“The pandemic has shifted everyone’s sense of purpose. Work remains important, but it’s no longer everything.”

That’s why it’s unreasonable for employers to assume a return to business as usual, even if it’s hybrid. Leaders at the Best Workplaces™ understand the trauma employees have experienced over the past 18 months, and are willing to express their own vulnerabilities and provide mental health support.

3. Give employees a sense of purpose

Interestingly, despite the high-pressure stakes of working during a pandemic, many pharmaceutical, biotech and healthcare companies made this year’s World’s Best Workplaces list, and with better scores than previous years.

The reason? Purpose. Pharma companies were part of the supply chain for the vaccine, and healthcare workers were doing what they felt called to do: helping sick people when they needed it most.

Even non-pharma companies felt the connection to a greater purpose. At DHL Express, employees were proud of being able to deliver the vaccine to the far corners of the world. During a time when deliveries were high-risk and in high demand, DHL’s scores went up year on year.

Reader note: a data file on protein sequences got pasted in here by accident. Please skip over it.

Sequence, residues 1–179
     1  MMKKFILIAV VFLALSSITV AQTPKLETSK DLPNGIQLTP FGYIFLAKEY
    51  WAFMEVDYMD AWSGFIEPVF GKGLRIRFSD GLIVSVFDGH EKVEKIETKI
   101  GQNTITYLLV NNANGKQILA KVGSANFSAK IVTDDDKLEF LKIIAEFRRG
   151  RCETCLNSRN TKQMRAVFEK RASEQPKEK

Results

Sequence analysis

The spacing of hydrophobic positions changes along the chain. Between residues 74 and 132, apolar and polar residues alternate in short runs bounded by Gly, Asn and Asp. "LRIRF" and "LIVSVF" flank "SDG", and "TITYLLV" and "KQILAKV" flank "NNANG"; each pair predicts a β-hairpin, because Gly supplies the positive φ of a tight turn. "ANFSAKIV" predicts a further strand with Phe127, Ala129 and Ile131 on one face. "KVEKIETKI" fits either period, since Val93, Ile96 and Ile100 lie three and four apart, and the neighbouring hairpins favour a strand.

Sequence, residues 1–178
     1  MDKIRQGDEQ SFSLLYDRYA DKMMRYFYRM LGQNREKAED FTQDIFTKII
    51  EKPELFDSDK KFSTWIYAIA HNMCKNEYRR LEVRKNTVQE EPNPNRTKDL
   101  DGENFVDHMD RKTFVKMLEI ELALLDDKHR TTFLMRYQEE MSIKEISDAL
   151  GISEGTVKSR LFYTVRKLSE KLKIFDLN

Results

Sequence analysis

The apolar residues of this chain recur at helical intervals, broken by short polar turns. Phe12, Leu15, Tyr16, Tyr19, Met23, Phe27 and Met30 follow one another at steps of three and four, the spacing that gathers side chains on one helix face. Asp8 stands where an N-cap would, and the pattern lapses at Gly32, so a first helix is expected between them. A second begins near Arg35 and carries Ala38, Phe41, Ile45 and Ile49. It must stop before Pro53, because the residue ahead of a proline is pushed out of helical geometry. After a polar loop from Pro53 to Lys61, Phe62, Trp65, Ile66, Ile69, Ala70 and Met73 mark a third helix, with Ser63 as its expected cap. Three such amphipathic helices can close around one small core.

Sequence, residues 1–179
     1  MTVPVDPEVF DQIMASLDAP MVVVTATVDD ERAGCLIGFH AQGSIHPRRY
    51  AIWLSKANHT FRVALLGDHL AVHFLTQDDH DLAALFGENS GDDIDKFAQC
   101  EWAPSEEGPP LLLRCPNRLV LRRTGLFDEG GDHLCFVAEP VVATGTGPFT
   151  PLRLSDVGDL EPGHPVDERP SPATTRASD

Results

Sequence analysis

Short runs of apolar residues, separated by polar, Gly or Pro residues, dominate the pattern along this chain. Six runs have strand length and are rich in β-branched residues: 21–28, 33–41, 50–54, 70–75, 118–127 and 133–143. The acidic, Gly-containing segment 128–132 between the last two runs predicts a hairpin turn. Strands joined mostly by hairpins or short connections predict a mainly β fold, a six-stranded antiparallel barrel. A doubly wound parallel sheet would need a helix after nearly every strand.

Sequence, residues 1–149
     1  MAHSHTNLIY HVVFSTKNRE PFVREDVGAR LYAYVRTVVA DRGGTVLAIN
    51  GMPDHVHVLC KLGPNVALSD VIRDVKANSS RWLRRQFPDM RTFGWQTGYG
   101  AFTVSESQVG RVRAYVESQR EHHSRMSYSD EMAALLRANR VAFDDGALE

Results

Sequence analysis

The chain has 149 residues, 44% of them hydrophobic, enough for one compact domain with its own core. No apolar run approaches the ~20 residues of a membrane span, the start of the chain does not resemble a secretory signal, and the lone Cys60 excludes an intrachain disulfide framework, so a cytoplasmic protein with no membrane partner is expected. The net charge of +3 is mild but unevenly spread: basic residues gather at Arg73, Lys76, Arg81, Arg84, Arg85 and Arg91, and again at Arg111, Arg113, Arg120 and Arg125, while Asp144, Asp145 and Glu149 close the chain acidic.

Of course, you don’t need to be delivering a vaccine during a pandemic to have a sense of purpose. The key is to give employees a clear connection to something important, and bigger than their individual role, whether that’s the customer’s experience or the company’s environmental, social and governance (ESG) impacts.

The pandemic has shifted everyone’s sense of purpose. Work remains important, but it’s no longer everything, says Michael. This is one of the reasons behind the Great Resignation— people leaving their jobs in search of something that aligns more with their purpose, rather than just collecting a pay check.

4. Meet your people where they are

As anyone with kids or pets knows, these family members are frequent guest stars on video calls. But that doesn’t have to be a bad thing. The best workplaces welcome these interruptions because they reveal our humanity.

Similarly, great workplaces are flexible with time, rather than demanding people be online at specific hours. For employees with childcare or eldercare duties, offering this kind of flexibility shows incredible respect. These leaders recognize that work is not a person’s life — it’s just one part of their life.

“Offering this kind of flexibility shows incredible respect.”

Whether in-person or online, “when a person comes to work, you should imagine that their kids, their pets and their parents are sitting with them, because they are,” says Michael.

5. Hire based on skills, not location